- Painkillers administered during pregnancy may affect the baby's fertility in later life
- Painkillers such as paracetamol and ibuprofen administered during pregnancy led to a reduction in the number of cells that give rise to sperm and eggs, called germ cells
- Exposure to paracetamol or ibuprofen triggers mechanisms in the cell that make changes in the structure of DNA, called epigenetic marks
The fertility of the unborn child in later life may be affected by taking painkillers during pregnancy. These drugs may leave marks on DNA, identified a new study.
The findings of the study also suggest that certain medicines, including paracetamol, should be used with a warning during pregnancy.
‘Use of painkillers like paracetamol and ibuprofen during pregnancy led to a reduction in germ cells in female offspring, which affected their fertility as well as the fertility of females in following generations.’
The guidelines given to pregnant women remains the same.
Details of the Study
- Paracetamol which is also known as acetaminophen - should be used at the lowest possible dose for the shortest possible time
- Ibuprofen - should be avoided during pregnancy
The effects of paracetamol and ibuprofen on samples of human fetal testes and ovaries were analyzed by the scientists at the University of Edinburgh. They used different experimental approaches, including lab tests on human tissue samples and animal studies.
The study highlighted that human tissues when exposed to both the drugs for one week in a dish, found a reduction in the numbers of cells that give rise to sperm and eggs, called germ cells.
Ovaries exposed to both the drugs for one week showed that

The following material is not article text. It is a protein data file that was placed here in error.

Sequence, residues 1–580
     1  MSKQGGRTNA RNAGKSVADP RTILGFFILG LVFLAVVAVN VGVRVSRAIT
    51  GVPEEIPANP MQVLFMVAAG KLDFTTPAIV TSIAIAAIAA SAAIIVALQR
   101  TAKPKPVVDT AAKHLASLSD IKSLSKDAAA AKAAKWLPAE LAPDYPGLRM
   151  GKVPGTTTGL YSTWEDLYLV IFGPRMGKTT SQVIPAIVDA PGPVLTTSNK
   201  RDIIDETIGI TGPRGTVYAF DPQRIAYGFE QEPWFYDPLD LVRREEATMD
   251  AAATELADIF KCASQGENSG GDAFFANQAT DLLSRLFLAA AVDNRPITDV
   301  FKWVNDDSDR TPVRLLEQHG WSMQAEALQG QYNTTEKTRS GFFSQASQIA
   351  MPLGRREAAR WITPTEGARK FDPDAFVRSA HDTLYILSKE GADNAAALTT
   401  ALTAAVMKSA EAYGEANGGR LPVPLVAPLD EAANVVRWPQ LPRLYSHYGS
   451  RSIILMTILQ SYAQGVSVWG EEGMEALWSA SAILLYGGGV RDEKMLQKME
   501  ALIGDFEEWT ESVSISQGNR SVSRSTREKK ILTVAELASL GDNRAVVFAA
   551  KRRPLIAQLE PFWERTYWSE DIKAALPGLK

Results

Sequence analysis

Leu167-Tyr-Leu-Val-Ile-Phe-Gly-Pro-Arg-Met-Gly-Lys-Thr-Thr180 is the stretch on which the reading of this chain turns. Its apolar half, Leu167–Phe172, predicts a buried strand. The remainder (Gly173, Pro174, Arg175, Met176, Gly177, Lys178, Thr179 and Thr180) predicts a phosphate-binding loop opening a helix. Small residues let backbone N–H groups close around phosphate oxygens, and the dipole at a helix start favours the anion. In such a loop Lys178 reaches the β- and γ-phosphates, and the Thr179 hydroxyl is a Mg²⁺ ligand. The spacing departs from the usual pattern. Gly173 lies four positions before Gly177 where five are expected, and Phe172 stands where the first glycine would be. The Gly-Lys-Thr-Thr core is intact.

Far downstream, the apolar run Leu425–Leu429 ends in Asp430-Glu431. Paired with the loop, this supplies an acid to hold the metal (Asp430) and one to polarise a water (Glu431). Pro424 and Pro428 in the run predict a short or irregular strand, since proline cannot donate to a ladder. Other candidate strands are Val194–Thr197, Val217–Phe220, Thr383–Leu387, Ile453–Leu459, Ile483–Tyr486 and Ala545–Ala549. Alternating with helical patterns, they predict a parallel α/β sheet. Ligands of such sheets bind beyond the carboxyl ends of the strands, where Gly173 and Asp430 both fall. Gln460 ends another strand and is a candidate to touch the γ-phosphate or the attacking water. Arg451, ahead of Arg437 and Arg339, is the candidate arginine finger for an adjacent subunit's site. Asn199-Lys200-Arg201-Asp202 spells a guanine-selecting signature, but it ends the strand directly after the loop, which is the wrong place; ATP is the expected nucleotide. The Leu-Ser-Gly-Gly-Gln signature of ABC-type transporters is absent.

- Paracetamol - had more than 40 percent fewer egg-producing cells
- Ibuprofen - the number of cells was almost halved
Girls produce all of their eggs in the womb; if they are born with a reduced number, it may lead to early menopause, highlighted by the experts.
Use of painkillers may also have effects on unborn boys too. Testicular tissue was exposed to painkillers in a culture dish. After exposure to paracetamol or ibuprofen, it had around a quarter fewer sperm-producing cells.
The research team also examined the effects of painkiller treatment on mice that carried grafts of human fetal testicular tissue.
These grafts have been proved to imitate how the testes grow and function during development in the womb.
After one day of treatment with a human-equivalent dose of paracetamol, the number of sperm-producing cells in the graft tissue had decreased by 17 percent. After a week of drug treatment, there were almost one third fewer cells.
Painkillers administered to rats during pregnancy led to a reduction in germ cells in female offspring which affected their fertility as well as the fertility of females in subsequent generations, the previous study found.
Findings of the Study
Exposure to painkillers (paracetamol or ibuprofen) triggers mechanisms in the cell that make changes in the structure of DNA, called epigenetic marks, which can be inherited, helping to illustrate the effects of painkillers on how fertility may be passed on to future generations.
The effect of painkillers on germ cells is likely to be caused by their actions on molecules called prostaglandins, which have an important function in the ovaries and testes, found a team of researchers.
The study, published in Environmental Health Perspectives
, was funded by the Medical Research Council, Wellcome and the British Society of Paediatric Endocrinology and Diabetes.
Dr. Rod Mitchell, who led the research at the University of Edinburgh's MRC Centre for Reproductive Health, said: "We would encourage women to think carefully before taking painkillers in pregnancy and to follow existing guidelines - taking the lowest possible dose for the shortest time possible."